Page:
• Water color: Older pipes, like galvanized piping, are likely to have less protective coating against rust and to experience corrosion over time. That’s why it’s important to watch the color of the water. If it becomes milky or reddish in color, it’s time to call the plumber, especially if you’re wondering what type of water filtration system to have installed.

Old Copper Pipe Problems

Growing up, we had one of those cylindrical push mowers with blades that turned to cut the grass. It was hard work pushing that thing, and if you let the grass grow for too long, you could forget it. When we upgraded to a motorized lawn mower, it was unbelievable how much easier cutting the grass became.

Old plumbing systems remind me a little bit of that old push mower. They get the job done, but newer, more efficient pipes make it a lot easier. Many pipes used in early plumbing systems were made of corrosive and hazardous materials that would deteriorate quickly. If your historic Sacramento home has aging plumbing and old copper pipes, problems you may find are:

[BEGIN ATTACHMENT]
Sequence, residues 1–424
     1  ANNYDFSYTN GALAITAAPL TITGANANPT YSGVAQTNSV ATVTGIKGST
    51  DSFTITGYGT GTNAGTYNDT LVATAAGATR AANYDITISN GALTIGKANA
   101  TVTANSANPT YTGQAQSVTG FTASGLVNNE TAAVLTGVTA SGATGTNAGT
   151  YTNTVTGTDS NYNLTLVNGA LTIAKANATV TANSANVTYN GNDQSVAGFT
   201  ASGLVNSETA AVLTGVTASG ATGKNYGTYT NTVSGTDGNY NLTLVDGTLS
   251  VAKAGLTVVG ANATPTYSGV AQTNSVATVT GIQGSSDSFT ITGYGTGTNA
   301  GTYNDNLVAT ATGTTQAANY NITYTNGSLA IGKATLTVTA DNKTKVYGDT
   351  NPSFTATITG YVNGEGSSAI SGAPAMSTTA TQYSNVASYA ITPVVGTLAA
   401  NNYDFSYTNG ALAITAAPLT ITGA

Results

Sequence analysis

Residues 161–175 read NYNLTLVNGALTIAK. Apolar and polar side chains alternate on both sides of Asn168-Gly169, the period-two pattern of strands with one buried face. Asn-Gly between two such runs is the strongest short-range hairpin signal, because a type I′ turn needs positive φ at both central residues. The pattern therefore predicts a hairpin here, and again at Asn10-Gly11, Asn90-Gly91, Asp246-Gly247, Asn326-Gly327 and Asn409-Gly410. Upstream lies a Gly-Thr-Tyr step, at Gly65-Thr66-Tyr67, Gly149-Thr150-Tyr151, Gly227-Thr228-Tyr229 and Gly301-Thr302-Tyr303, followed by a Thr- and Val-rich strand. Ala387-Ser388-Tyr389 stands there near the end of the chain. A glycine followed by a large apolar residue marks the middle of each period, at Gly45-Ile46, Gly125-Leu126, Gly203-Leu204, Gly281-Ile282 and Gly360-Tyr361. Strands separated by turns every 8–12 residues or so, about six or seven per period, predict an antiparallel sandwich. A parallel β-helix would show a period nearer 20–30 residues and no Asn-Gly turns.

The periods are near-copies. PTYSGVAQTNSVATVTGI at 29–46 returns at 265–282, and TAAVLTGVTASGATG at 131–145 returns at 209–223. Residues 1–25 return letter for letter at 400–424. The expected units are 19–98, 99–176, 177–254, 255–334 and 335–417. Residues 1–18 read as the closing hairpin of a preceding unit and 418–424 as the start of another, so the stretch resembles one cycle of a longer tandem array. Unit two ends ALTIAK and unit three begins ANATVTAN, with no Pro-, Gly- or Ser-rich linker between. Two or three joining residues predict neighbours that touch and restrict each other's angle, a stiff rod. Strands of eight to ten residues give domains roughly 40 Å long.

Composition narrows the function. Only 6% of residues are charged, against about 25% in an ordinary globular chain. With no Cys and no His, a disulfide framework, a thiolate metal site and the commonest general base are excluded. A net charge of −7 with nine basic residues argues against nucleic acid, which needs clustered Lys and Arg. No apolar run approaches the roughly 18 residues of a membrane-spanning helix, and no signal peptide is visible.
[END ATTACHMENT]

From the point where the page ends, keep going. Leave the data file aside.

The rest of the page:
• Outdated materials: Some of the piping materials used in the early 20th century, like lead and polybutylene, have since been deemed hazardous or highly corrosive. That’s why it’s important to check out your historic home’s plumbing to verify if it has been updated. If not, your plumber may need to replace all your pipes with safe, non-corrosive materials so your water doesn’t become contaminated.